You will change slang like “shuckface” for “bloodydamnfine” and that’s a “bloodydamnfinegood” thing.
Everything you love about the first book gets amplified in Golden Son. While I am not a fan of this cover (the golden laurel is great, but the 20 second photoshop flame is bloodydamnawful), I am a complete and utter fan of everything else in this book.
Number one reason to read Golden Son? Because the protagonist gets called a “whorefart.”
Just kidding, the real reason to read this book is because of a character named Kavax au Telemanus, who feeds his pet fox jellybeans.
Blood Red Road
Are you done gawking at the cover?
Ok, ok take another look—it is a gorgeous cover.
Say farewell to everyone you know for the next day because once you start this book you will fly through Moria Young’s Blood Red Road, the first book of the Dust Lands series.
Blood Red Road follows the female protagonist Saba (who is as rough as the post-apocalyptic desert landscape) as she sets out across a post-apocalyptic future in order to save her twin brother, Lugh.
Strong, charismatic, and dare I say, Katniss Everdeenesque, when Lugh gets kidnapped by four hooded riders (not leaving the shire, incidentally) she grabs a crossbow and joins forces with a “gang of girl revolutionaries” known as the Free Hawks to save him.
I could continue with a brief synopsis but here is why you need to read this book: it has cage fights and gigantic sand worms.
I’m not including a picture of this book cover because its some silhouetted dude with a stick pointing out of his bunghole. Now, on to why you should read continue to read these books like the Maze Runner.
The second book in the Dust Lands trilogy is still full of ass-kickery, insane plot twists, and some really trippy hallucinations, but you will start to hate Saba which is a really edgy authorial move. #Respect.
You will also definitely hate Lugh and become slightly weirded out by him because of his, uh, growing fondness for his sister. Again, another edgy decision on the part of author Moria Young which is why this series is great.
In Rebel Heart Jack’s silver eyes haven’t looked at Saba for quite some time—because he is far, far away—headed toward the storm belt and a tavern called The Lost Cause. (How can you not read this book??)
A new villain known as The Pathfinder has emerged promising to create a paradisiacal New Eden out of the desert the Wreckers left the world in. When Jack gets into trouble, Saba will everything and everyone to save him…
What I continued to enjoy about this series is that it really does defy a lot of the expectations that have been implanted into my mind when I open up YA dystopian novels.
So be prepared to be brutally shoved out of your comfort zone.
I have this thing for great book titles.
And I love this one, which is wonderfully crafted.
One of my most favorite titles ever is a poem by John Keats called “Bright Star.” I also have a deep and natural love of the word “star,” and have been called a starry eyed metaphysician by classmates at Cambridge, so it only makes sense that I completely adore this book.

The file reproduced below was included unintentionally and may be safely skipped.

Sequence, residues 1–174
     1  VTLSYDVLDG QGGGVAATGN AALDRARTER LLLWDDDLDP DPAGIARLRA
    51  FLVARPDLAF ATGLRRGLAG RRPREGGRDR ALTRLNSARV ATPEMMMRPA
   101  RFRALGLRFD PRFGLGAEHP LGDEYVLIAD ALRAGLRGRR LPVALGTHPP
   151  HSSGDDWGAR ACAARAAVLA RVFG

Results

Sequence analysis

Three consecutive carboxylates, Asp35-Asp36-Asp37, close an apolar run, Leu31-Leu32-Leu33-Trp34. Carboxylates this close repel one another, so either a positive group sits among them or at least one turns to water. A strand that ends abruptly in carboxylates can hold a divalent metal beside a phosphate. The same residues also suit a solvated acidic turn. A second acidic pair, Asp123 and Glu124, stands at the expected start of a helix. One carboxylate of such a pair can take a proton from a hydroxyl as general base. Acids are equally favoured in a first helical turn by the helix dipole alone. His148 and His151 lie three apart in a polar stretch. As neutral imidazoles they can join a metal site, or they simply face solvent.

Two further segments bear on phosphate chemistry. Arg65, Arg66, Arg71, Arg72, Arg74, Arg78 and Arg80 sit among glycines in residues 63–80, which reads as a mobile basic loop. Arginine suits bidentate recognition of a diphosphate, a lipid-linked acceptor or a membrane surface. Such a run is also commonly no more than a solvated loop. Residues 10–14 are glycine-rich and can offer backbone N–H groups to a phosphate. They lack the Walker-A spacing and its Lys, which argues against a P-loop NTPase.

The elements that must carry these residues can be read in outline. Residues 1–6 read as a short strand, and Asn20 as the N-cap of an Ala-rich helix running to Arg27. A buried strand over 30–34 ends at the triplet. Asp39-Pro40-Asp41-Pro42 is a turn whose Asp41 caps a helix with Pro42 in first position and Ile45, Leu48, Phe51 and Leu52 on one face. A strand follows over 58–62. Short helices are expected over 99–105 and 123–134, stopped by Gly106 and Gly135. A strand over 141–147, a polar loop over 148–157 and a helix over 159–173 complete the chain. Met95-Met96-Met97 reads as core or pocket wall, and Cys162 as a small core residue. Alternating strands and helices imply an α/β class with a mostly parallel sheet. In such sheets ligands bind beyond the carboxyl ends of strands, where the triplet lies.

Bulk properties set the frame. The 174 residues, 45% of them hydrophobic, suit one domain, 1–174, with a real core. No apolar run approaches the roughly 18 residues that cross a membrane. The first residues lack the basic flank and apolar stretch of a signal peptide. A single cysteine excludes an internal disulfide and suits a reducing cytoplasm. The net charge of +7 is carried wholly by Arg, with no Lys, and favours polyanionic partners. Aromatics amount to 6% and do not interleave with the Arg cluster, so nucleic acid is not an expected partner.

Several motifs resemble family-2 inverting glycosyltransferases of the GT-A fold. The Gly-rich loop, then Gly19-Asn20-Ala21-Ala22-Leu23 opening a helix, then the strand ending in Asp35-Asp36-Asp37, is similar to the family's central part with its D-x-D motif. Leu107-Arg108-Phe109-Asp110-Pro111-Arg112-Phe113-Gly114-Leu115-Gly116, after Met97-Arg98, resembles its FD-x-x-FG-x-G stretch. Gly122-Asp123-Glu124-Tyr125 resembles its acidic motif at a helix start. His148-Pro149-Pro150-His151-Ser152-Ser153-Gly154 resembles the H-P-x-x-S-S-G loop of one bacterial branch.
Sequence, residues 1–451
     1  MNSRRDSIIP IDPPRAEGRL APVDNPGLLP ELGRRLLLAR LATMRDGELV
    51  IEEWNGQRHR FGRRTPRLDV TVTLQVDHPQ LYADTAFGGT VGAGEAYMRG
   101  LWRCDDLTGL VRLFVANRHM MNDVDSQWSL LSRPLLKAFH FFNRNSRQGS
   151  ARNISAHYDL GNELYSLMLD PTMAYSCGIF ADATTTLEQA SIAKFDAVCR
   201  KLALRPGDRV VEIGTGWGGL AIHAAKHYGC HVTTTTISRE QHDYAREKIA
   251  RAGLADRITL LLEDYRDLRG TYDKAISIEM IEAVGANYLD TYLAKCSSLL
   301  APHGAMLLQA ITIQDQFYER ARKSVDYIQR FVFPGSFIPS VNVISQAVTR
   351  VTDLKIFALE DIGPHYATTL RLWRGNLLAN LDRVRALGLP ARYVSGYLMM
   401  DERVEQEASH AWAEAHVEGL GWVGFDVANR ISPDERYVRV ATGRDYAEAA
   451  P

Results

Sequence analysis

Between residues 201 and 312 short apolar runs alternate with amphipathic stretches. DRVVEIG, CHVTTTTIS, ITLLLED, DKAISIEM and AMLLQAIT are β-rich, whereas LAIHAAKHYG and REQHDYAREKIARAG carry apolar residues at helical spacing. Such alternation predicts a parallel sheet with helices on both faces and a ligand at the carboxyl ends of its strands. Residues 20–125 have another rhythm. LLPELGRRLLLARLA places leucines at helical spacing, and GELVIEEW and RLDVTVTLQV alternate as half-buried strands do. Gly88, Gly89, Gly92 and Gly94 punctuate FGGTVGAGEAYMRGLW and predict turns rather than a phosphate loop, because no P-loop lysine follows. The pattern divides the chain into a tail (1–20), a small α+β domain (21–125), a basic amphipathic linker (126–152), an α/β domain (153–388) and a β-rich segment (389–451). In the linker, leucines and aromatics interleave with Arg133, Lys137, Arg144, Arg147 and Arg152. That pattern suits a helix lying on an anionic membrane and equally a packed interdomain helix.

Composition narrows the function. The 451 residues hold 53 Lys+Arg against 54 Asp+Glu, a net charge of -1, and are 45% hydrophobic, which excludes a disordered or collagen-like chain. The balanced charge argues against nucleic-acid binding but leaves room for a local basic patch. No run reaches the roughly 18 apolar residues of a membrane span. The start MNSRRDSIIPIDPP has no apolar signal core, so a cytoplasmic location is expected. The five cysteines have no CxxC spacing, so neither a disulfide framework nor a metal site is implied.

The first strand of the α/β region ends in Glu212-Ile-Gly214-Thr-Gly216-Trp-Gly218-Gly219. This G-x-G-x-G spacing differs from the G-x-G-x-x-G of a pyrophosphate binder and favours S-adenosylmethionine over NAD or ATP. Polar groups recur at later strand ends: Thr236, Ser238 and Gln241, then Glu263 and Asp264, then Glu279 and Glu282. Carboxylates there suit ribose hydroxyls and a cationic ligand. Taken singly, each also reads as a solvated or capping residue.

This series is pretty hard core as you might imagine from the rough grammar, girl on girl cage fights, unforgiving post-apocalyptic landscape and hellwurms.
And as the final installment in a gritty dystopian young adult series the body count is high and the final outcome is grim.
I’ve saved the best for last.
Orson Scott Card wrote one of the greatest books of all time when he completed Ender’s Game.
If you enjoyed the Maze Runner, you are absolutely going to love the adventure of Ender Wiggins.
This is one of the books like the Maze Runner where the older ruling government is continually testing the youth on an ever increasing and deadly scale of difficulty.
Oh yea, one more thing.
Ender’s Game has the best ending of any book ever written. No really, it does.
So if you hated the fact that the Maze Runner left you with more questions than answers, you are going to be thrilled with Ender’s game because the ending is both awesome and fulfilling.
Have You Read all of these Books like the Maze Runner?
If you have already read these books like the Maze Runner you might consider reading my dystopian fiction next.
What are some others that you might recommend?
Bonus! Secret History of the Maze from WICKED!
Congratulations! You made it to the end! Here is the secret history of how the scientists and government bureaucrats from WICKED made the maze we all know and fear.
First they built one in a digital world because labor was cheap:
They also built one in a desert and put this crazy guy who likes to sing in the middle of it.
Then they built a really nice one:
But still, it was too nice so they built a spooky one at a British boarding school.
Then of course…they built the MAZE! Lasciate ogne speranza, voi ch’entrate!